The e-POP Neutral Mass and velocity Spectrometer (NMS) measures mass composition and velocity of neutral atmospheric species in the 1-40 amu mass and 0.1-2 km/s velocity range.
NMS measures neutral particle constituents using an open-source electron impact ionization chamber and a microchannel plate (MCP) imaging detection subassembly. It employs a planar entrance aperture with a plasma filter to repel low energy charged particles. The rammed neutrals enter the aperture and traverse through an electron source. The ionized population is then accelerated into the instrument by a potential difference between the entrance aperture and the detection subassembly. Ions arriving at the annular microchannel plate detector are sorted according to their arrival angle (azimuthal location) and energy (radial location). Thus, the instrument is capable of resolving both the neutral particle composition and the flow velocity.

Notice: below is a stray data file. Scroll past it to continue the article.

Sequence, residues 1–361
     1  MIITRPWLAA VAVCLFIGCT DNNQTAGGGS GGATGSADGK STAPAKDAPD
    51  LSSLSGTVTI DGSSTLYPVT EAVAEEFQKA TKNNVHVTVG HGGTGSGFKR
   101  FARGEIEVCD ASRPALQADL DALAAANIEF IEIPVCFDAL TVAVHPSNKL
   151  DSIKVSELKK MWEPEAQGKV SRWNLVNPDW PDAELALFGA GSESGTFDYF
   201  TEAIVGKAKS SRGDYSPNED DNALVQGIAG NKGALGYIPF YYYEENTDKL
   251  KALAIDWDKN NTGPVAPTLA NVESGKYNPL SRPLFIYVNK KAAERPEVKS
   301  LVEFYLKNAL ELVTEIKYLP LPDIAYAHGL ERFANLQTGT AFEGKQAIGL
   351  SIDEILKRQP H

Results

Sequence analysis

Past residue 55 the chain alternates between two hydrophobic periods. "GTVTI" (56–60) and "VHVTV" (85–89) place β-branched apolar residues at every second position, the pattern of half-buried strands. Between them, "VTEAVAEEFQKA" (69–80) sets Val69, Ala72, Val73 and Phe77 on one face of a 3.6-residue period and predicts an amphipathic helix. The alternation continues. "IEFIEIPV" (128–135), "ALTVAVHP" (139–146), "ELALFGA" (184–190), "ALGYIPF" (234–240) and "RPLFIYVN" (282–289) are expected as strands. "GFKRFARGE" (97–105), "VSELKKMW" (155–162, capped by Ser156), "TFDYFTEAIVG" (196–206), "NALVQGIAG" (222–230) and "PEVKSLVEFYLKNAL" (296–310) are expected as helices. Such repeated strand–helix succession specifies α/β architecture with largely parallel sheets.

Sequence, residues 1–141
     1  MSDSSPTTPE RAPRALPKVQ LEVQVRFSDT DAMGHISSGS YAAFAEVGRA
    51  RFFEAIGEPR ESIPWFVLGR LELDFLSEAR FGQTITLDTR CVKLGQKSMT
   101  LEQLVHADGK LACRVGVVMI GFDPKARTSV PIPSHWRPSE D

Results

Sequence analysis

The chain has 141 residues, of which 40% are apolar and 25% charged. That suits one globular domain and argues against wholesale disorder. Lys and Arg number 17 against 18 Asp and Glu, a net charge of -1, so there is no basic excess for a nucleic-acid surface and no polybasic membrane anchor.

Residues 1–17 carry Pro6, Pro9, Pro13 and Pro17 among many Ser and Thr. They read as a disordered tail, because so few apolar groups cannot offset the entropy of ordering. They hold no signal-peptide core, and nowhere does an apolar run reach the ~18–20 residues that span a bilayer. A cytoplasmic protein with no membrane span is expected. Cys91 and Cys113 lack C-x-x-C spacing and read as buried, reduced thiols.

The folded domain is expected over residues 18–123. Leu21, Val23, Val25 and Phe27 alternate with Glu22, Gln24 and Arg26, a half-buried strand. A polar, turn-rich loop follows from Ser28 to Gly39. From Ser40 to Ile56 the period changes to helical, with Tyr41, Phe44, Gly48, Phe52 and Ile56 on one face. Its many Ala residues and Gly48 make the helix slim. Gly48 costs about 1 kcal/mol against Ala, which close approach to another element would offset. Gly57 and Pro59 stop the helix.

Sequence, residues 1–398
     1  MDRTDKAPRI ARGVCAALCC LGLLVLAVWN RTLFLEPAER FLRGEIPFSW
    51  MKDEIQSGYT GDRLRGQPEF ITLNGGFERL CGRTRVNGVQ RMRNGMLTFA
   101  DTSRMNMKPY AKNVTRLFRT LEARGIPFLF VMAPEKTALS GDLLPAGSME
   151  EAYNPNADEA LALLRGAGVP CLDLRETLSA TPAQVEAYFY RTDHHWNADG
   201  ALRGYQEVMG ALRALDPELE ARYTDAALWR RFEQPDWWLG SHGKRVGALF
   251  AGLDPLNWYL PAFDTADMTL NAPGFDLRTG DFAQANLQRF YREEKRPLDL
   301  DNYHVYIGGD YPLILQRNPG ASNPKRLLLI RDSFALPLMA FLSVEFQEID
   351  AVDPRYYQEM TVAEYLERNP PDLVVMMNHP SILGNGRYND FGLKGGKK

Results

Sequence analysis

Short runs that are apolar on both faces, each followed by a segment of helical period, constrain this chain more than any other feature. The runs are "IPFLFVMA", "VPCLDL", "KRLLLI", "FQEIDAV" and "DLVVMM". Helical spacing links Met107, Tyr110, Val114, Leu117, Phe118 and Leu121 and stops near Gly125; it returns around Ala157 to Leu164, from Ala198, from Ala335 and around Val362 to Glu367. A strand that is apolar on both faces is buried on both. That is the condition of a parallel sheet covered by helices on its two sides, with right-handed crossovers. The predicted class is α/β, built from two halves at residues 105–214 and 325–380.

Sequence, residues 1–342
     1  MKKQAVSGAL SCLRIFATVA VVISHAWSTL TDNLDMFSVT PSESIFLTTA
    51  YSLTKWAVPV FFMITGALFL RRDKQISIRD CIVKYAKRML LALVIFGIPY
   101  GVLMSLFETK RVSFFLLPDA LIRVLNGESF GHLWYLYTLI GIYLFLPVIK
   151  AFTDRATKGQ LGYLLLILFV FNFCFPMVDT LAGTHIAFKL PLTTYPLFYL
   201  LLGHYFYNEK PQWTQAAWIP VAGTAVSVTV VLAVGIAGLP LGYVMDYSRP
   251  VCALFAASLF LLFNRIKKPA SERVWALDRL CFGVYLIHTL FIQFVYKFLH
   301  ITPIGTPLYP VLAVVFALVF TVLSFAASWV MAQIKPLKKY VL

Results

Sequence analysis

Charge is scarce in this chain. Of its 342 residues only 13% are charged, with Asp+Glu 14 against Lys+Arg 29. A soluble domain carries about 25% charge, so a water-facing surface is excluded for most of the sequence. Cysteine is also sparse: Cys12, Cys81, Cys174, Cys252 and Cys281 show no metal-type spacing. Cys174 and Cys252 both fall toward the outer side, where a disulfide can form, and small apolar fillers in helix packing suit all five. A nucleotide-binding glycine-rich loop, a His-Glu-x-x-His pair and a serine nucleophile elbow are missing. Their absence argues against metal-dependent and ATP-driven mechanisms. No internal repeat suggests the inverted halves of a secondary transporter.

NMS development was spearheaded by the Japan Aerospace Exploration Agency, with Dr. Hajime Hayakawa as principle investigator. MEISEI was the prime build contractor.